# How to calculate the power of a discrete signal? / Clarification on PSD estimates

I want to calculate the channel power $P_\mathrm{x}$ of a given discrete and complex signal $x[n]$ (with a length of N) in a given bandwidth $B$.

I'm aware, that I could probably apply a sharp bandpass filter with bandwidth $B$ on $x[n]$ and calculate the average power in the time domain. However, I think, it might be easier to do my calculation on the DFT $X[k]$ of my signal, where I just look at those frequency bins within $B$. Here are the different approaches, that I've read about so far, to calculate the power of a signal:

1. Calculate the average power in the time domain by $$P_\mathrm{x} = \dfrac{1}{N}\sum_{n=1}^{N}|x[n]|^2$$
2. Use Parseval's theorem to calculate power in frequency domain by $$P_\mathrm{x} = \dfrac{1}{N^2}\sum_{k=1}^{N}|X[k]|^2$$
3. Sum the power spectrum (modified periodogram?) according to Heinzel et al., p. 15 by $$P_\mathrm{x} = \sum_{k=1}^{N} \dfrac{|X[k]|^2}{S_1^2}$$ with $$S_1 = \sum_{j=1}^{N} w[j]$$ where w[j] is the j'th DFT window coefficient.
4. Estimate the PSD according to Heinzel et al., p. 16, sum the result and multiply by the DFT frequency resolution $f_{res}$ by $$P_\mathrm{x} = \sum_{k=1}^{N} \dfrac{|X[k]|^2}{S_2 \cdot f_s} \cdot f_{res}$$ where $f_s$ is the sampling frequency, $$f_{res} = f_s / N$$ (for an N-point DFT) and $$S_2 = \sum_{j=1}^{N} w[j]^2$$ where $w[j]$ is the $j$'th DFT window coefficient.

All of those approaches give the same result, as long as I use a rectangular window on the signal before applying the DFT, which means $S_1 = S_2 = N$. Unfortunately, as soon as I use a different window where $S_1 \neq S_2$, my results from 1) and 4) are still correct, while my results from 2) and 3) are off.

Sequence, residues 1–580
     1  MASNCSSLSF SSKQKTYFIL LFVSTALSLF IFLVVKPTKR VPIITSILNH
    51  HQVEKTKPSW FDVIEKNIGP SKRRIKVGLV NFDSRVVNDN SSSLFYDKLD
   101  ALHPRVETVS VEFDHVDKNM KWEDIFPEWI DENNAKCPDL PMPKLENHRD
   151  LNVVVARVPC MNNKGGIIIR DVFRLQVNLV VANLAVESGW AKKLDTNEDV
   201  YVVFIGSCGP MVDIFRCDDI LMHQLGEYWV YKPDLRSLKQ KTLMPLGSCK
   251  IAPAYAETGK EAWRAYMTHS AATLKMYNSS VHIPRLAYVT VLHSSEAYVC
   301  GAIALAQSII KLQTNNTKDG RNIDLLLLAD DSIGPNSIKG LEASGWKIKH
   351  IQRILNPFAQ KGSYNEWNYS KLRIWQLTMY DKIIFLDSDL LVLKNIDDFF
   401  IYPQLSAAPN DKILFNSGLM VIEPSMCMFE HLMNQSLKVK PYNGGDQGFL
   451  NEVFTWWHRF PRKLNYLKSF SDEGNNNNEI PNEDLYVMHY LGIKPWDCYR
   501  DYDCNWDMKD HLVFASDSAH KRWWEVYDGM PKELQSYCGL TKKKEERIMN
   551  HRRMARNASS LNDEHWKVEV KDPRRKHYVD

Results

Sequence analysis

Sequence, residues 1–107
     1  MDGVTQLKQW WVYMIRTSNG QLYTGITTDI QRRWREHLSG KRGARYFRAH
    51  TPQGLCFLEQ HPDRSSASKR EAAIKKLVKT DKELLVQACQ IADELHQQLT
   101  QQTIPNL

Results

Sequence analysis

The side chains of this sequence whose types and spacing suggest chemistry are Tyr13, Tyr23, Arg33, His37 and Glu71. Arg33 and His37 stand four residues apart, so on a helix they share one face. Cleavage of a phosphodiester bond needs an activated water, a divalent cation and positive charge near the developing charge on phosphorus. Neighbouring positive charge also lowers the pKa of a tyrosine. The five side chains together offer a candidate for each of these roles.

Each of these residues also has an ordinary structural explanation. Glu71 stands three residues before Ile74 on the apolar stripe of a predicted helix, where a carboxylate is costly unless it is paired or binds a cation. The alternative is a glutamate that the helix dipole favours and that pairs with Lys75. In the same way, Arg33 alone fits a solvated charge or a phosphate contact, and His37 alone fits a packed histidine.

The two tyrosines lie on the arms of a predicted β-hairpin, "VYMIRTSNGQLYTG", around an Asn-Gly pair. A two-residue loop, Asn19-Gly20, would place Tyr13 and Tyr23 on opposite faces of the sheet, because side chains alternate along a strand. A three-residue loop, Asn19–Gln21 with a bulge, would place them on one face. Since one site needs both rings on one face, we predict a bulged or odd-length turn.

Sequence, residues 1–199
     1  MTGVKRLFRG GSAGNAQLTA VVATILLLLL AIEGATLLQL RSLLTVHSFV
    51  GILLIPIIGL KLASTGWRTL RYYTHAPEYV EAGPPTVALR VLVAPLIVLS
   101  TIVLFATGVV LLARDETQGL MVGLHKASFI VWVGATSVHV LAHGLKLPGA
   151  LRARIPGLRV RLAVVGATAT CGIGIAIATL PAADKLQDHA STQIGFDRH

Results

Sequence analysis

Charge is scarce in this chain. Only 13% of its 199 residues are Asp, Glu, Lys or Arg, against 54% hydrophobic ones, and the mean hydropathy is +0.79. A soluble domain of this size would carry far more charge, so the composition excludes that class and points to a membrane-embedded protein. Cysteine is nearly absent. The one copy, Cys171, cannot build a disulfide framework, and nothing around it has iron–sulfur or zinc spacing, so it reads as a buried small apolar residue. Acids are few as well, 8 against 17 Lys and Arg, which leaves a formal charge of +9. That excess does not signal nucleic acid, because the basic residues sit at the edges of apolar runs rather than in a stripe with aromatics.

I understand, that 2) and 3) are mathematically the same for a rectangular window where $S_1 = N$, so my guess is, I have to scale 2) by $S_1$, as well, in case I use a non-rectangular window. However, I don't really understand why 3) is incorrect as it is supposed to compute the power spectrum (before taking the sum). Perhaps, I don't understand the definition of a "power spectrum" yet, but why doesn't the sum give me the total signal power?

Also, while I think, that I understand scaling by $S_1$ in 3), I don't understand scaling with $S_2$ in 4). Yet, 4) is correct and 3) isn't (I guess, 3) is only coincidentally correct for a rectangular window, since then it is mathematically the same as 4)). So how do I correctly interpret the power spectrum (and its sum) used in 3)? I've read, that method 3) is actually called "periodogram", which can be used to estimate the PSD. However, how can this give a PSD? I'm nowhere dividing by a frequency (which would give me the unit of a PSD, which is $V^2/Hz$), and it's quite different from the PSD calculation used in 4). I'm really confused here. Can anyone clarify?

I've created a small Matlab script to illustrate those concepts and help you understand my question better.

%% Create signal
N = 4000; % length of signal
fs = 4000; % sampling freq = 4 kHz
f1 = 1000; % signal freq = 1 kHz
ts = 1/fs;
fres = fs/N; % frequency resolution of N-point DFT

x = zeros(N,1);
for n = 0:N-1
x(n+1) = 10 * (cos(2*pi*f1*n*ts) + 1j * sin(2*pi*f1*n*ts));
end
x_mag = abs(x);

%% Window the signal and comoute the window sums for scaling
window = ones(N,1);
% window = hanning(N);
% window = flattopwin(N,'periodic');
S1 = sum(window);
S2 = sum(window.^2);
x_win = x.*window;

%% Transform the signal to frequency domain
X = fft(x_win,N);
X_mag = abs(X);

%% Plot signal representations in time and frequency domain
figure; subplot(2,1,1); plot(real(x)); hold on; plot(imag(x)); hold off;
subplot(2,1,2); plot(X_mag);

%% Calculate power with built-in Matlab function as a reference
power_matlab_time_domain = bandpower(x)

%% 1) Calculate power by average of instantaneous power in time domain
power_time_domain = 1/N * sum(x_mag.^2)

%% 2) Calculate power by parseval theorem
power_parseval_freq_domain = 1/N^2 * sum(X_mag.^2)

%% 3) Calculate power from power spectrum
power_ps_freq_domain = sum(X_mag.^2/S1^2)

%% 4) Calculate power from power spectral density
power_psd_freq_domain = sum(X_mag.^2/(S2*fs)) * fres


In the end, I'd like to sum only over a range of the discrete frequencies to obtain the channel power of a frequency modulated signal, using either approach 3) or 4). Is this a valid approach?